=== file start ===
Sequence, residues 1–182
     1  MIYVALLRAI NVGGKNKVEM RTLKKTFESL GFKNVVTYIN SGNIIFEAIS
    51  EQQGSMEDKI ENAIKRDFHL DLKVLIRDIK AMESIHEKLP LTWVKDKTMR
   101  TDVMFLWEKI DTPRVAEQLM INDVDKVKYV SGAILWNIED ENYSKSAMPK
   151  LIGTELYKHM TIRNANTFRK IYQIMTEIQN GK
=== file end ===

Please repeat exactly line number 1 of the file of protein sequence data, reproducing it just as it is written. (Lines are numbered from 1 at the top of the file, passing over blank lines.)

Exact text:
Sequence, residues 1–182